I lose my toolbars almost on a daily bases. I have a desktop so there is never the issue of closing my lid. Losing my toolbar problem never happened till I loaded Windows 10. Sure wished I had kept using Windows 7 till the empty toolbar bug gets fixed. I had the most perfect custom toolbar setup with complex python scrips that I wrote before losing my entire setup. But I am not about to try to attempt to customize my toolbars again till this problem is resolved. My feelings are that Windows 10 and Rhino hate each other
If you have heavily customized your toolbars, always back them up - just like you would with any other file that you have worked on for awhile and you consider to be important. You should also always save them under a new name - as something like ToolbarReset will overwrite the Default.rui toolbar file - by design, as you normally only do this when your toolbar file gets corrupted.
Actually the Mac Rhino style of doing things - not letting you modify the default workspace at all, forcing you to create a new one if you want to do any mods - is actually a pretty good idea. I find the implementation on the Mac side a bit clumsy, I think all that is maybe needed in Windows Rhino is a dialog that comes up when you start modifying your toolbars which forces you to save it under a new name.
I have a whole set of custom toolbars under Windows 8 and 10, and I’ve never lost them. I do keep several backups.
Can you define “lose” in this case? Does the toolbar file become corrupted/unreadable? --Mitch
Thanks for the great advice about backing up my default.rui. But at the time I first lost my toolbars I did not even know there was a default.rui. I am very talented at quickly destroying stuff on my computer. After I lost my toolbars i researched and found that there was a default.rui. So I deleted the default.rui on my computer and reinstalled it thereby losing all my custom toolbars. Now I know I need to back up the default.rui, but at this moment there is no need because I don’t have any personal toolbars to backup. When I say “lose” I mean that all my toolbars become blank with nothing in them. Well there is something in them I just cannot see the little icons inside the toolbars. I can still click the blank toolbar icons and they will work but I don’t know what I am clicking. When I use the command “ToolBarReset” and close and reopen Rhino I get my toolbar icons back just like they were when I installed Rhino the first time.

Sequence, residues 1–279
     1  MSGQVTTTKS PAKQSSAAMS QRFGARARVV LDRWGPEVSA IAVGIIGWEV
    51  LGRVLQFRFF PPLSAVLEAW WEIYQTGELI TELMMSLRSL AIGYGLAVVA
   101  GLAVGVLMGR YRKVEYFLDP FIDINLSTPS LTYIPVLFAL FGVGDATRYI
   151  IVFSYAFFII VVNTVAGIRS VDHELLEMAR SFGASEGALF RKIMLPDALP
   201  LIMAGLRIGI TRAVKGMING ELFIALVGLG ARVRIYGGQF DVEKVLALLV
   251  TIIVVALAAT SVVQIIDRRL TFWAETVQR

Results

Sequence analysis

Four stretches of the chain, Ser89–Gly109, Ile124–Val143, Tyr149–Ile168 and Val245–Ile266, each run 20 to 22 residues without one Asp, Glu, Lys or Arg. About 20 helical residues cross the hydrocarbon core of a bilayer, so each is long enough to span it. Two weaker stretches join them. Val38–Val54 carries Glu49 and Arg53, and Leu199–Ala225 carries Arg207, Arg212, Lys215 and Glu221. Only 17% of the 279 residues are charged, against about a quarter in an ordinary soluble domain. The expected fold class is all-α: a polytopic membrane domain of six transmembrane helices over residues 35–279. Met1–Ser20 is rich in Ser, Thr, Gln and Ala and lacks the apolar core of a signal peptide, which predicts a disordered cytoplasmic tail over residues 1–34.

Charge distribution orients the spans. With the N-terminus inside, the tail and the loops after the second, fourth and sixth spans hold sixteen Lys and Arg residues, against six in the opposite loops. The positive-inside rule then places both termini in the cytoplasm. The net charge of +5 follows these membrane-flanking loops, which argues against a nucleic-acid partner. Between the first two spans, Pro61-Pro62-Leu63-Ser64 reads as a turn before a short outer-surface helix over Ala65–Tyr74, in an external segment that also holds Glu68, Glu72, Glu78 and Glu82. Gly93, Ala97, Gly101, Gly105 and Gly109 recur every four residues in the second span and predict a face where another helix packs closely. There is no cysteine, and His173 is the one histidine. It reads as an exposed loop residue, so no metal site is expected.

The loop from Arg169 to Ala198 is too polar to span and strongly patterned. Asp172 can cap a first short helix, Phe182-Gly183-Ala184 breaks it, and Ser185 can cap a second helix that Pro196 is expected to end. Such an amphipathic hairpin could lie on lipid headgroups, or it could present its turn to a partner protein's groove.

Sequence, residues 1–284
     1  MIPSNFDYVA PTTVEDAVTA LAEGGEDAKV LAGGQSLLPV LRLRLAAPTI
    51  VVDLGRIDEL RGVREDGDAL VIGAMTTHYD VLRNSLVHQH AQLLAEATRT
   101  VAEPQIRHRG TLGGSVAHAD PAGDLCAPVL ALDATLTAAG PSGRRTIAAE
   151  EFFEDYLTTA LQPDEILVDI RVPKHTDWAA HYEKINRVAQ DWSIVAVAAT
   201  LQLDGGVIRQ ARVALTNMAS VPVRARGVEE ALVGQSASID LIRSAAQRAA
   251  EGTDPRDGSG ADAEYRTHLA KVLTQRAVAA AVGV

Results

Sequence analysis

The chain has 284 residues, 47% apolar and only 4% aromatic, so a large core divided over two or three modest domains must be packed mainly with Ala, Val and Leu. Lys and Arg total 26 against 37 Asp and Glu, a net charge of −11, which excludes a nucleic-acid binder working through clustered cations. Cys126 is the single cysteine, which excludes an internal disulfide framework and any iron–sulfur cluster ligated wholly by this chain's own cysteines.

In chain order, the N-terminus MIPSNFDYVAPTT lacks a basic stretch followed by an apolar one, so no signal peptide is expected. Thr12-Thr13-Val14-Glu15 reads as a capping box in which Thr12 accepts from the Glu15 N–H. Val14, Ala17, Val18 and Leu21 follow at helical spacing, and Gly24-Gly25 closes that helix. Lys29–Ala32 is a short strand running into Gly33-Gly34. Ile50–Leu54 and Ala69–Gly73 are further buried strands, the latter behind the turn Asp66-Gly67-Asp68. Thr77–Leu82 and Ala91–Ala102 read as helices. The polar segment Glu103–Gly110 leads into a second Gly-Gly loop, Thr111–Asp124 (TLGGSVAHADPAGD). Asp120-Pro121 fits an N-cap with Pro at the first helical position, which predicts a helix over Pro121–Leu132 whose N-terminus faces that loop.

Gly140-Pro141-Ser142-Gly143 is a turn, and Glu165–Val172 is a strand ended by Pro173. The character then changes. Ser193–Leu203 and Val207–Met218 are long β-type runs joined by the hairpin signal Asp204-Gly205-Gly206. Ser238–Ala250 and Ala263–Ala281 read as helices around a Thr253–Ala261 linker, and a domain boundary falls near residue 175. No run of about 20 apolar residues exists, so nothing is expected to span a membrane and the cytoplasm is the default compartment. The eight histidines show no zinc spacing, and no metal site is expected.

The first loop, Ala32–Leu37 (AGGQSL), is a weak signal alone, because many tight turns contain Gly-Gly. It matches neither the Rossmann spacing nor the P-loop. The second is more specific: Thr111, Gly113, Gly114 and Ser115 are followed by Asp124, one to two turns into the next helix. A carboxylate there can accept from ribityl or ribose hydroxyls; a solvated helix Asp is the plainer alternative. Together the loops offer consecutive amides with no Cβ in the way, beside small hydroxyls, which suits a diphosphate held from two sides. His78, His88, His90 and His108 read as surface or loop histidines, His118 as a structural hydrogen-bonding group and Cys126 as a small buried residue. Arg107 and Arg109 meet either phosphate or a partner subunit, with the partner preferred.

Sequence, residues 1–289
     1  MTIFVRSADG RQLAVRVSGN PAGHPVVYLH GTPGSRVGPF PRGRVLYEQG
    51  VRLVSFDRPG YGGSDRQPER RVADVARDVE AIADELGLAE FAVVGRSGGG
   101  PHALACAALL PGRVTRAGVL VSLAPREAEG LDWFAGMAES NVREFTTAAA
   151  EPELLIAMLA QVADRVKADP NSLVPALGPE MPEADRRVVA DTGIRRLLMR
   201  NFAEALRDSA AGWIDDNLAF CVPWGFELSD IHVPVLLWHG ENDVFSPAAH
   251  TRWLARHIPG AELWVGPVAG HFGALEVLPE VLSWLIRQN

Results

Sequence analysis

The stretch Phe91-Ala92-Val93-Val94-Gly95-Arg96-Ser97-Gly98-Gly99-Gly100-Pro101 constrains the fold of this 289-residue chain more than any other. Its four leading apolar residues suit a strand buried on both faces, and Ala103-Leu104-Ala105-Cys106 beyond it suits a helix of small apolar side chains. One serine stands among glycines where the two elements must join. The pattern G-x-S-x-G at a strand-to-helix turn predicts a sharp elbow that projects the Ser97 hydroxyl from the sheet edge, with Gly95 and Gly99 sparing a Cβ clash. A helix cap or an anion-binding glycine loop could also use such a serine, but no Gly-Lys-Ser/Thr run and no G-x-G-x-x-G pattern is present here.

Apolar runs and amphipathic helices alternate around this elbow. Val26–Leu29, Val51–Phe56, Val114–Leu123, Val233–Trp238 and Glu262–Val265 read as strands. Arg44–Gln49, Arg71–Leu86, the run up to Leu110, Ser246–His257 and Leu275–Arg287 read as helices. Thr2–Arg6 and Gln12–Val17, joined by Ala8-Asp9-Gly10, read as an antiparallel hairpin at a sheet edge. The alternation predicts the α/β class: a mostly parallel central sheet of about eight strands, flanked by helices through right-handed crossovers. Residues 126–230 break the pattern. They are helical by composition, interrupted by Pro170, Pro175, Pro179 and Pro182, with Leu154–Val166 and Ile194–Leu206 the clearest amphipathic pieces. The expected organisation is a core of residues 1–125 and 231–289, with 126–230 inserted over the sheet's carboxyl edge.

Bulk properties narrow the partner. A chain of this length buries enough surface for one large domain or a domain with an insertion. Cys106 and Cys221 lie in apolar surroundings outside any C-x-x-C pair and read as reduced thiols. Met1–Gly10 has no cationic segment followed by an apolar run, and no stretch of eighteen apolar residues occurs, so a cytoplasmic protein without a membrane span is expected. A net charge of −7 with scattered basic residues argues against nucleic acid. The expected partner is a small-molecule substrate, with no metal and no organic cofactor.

Thanks very much for your helpful input and would strong advise everyone who has custom toolbars to backup their Default.rui!!!
The blank toolbar problem is specific to Windows 10.
They actually aren’t blank.
Some unknown problem occurs (rarely, under unknown circumstances), when Windows is saving the RUI file, and the pixels in the bitmaps stored in the RUI file are replaced with white (RGB - 255, 255, 255) pixels.
The work-around is using ToolbarReset if your RUI file hasn’t been modified, or as Mitch pointed out, manually renaming a backup copy of your customized and saved RUI file.
The backup is stored in the same folder as default.rui. There just is no tool in Rhino to automatically replace a copy of an RUI file with a user specified name.